This dreamy scenario could have been what Yelp’s founders, two former PayPal employees, had in mind when they started Yelp in 2004. But by 2010, Yelp had ballooned to approximately $30 million in revenues, yet also had several class-action lawsuits on its hands. Apparently this “real people, real reviews” site wasn’t getting rave reviews from those being reviewed. Now, five years later, restaurant owners regularly plot revenge against the site and the backlash has even soared all the way up to an episode of South Park. 

The owners of Portland’s Burrasca sum up the Yelp experiment: “The original idea of Yelp was ostensibly not a bad one: a forum for public opinion that would help folks make informed choices about local restaurants. But I think that as Yelp has matured, it has become too often a platform for negativity and hatefulness.” 

Is it possible Yelp is in the throes of death?

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Apps to Watch: Grate - Redefining the Consumer Restaurant Review

Apps to Watch: Grate - Redefining the Consumer Restaurant Review

By Allison Levine, Foodable Contributor

Service in a restaurant can make or break a diner’s experience. As a diner, how do customers let the server know how they feel? Perhaps a generous tip of 30 percent tells the server they did a very good job. But, does a tip of 10-15 percent say there was a problem? And does management find out that service was exceptional or terrible? Management will most likely find out if service was lacking when a negative review is left online for all of the public to see. But, besides the detrimental effects that review may have on a restaurant, has management been provided any tools about where they can improve in order to not repeat the same issues over and over?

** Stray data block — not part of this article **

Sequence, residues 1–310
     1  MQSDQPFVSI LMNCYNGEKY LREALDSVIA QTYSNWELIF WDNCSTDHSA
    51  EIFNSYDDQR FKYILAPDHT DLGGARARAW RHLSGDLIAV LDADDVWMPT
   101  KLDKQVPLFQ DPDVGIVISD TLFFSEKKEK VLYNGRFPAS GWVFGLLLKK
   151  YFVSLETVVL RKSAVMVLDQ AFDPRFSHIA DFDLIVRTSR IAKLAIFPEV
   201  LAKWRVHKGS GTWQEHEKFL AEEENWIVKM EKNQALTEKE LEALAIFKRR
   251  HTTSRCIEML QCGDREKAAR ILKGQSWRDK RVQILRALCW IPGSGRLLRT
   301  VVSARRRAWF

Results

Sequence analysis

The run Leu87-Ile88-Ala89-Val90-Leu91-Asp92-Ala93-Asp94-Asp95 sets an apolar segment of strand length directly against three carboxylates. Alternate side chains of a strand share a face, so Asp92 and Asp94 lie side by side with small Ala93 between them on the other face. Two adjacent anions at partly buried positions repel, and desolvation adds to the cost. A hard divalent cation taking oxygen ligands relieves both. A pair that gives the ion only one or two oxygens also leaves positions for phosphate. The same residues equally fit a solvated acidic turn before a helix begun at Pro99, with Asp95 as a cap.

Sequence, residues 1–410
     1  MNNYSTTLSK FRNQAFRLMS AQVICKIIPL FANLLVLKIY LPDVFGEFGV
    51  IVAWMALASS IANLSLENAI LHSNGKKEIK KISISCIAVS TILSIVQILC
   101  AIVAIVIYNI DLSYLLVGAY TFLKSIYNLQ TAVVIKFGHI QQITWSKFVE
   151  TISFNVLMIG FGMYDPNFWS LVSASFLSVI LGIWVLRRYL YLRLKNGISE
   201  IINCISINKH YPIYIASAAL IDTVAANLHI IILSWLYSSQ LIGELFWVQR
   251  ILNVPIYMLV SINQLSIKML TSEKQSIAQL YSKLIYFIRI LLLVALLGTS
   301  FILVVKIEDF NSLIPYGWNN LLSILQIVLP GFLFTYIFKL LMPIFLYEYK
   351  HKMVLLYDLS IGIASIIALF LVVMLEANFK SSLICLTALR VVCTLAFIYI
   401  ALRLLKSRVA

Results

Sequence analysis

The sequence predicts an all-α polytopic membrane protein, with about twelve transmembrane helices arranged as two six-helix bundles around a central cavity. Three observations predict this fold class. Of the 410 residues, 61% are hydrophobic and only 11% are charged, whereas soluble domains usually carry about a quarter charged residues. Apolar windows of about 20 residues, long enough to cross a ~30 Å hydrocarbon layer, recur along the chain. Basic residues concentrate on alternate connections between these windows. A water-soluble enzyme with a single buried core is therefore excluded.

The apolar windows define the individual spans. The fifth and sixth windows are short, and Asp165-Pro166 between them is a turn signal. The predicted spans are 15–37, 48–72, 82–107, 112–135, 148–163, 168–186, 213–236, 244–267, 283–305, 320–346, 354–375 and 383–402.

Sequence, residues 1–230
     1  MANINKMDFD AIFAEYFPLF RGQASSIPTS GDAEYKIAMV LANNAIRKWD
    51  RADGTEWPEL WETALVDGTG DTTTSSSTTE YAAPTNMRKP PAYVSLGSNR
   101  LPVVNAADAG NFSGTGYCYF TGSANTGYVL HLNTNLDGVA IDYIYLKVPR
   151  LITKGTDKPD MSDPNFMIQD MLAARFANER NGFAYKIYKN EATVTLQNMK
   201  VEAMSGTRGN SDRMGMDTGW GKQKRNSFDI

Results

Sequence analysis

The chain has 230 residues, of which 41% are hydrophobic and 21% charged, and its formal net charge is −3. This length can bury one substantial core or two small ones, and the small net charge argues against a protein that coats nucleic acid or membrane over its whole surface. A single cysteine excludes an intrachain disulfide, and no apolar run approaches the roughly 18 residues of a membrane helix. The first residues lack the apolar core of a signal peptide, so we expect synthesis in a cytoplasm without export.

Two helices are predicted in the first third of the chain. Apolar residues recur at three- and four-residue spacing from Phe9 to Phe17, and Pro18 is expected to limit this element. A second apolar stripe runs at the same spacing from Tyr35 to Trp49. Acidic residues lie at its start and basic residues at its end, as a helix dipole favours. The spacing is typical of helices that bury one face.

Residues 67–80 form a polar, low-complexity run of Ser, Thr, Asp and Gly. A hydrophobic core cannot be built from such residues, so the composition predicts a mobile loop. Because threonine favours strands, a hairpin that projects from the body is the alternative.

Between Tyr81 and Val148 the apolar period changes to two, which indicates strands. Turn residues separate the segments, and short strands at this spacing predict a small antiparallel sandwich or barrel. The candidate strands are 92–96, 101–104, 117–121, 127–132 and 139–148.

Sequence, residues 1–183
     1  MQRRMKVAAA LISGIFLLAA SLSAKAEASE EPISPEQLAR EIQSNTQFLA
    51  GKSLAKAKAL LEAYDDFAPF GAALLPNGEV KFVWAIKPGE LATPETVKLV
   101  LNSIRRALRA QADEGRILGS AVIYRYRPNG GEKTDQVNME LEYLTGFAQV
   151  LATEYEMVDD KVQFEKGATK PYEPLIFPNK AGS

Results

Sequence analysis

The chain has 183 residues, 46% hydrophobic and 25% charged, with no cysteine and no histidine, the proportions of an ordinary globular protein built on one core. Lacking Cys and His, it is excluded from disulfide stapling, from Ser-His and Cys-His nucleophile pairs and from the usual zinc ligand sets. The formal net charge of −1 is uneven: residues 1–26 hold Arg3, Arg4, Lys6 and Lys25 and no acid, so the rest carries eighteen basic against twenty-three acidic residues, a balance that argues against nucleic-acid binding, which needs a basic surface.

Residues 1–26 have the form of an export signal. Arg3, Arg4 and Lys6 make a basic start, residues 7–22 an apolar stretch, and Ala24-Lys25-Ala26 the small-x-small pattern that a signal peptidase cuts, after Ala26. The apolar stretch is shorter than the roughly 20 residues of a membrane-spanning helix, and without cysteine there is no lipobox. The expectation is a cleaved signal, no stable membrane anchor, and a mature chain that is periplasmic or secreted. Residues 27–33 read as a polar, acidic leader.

San Francisco-based company Grate has created an App that offers a solution for customers to provide constructive criticism in a discreet and anonymous way. Grate is an iphone app (it is not yet available for Droid) that helps restaurants get information about their servers. Customers can discreetly and privately rate their servers and send comments. In return, management is able to better manage their service staff.

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What is the Financial Impact of Restaurant Review Sites?

What is the Financial Impact of Restaurant Review Sites?

By Joe Welsh, Foodable Industry Expert

Over the past few years, many restaurant owners I have met with have been very skeptical of review sites, such as Yelp, Foursquare, and TripAdvisor. They contended that the reviews are false, misleading or competitors just writing bad reviews about them. In some cases, they claim that Yelp was misleading in its representation of reviews.

Recently though, I’ve seen a shift in how operators feel about review sites. They have faced reality and accept the fact that it really doesn’t matter what they think. Consumers can visit as many review sites as they wish and will form their own opinion. If the majority of the reviews are positive, that will create its own impression and the consumer will make a decision. If they are negative, well we know what happens then.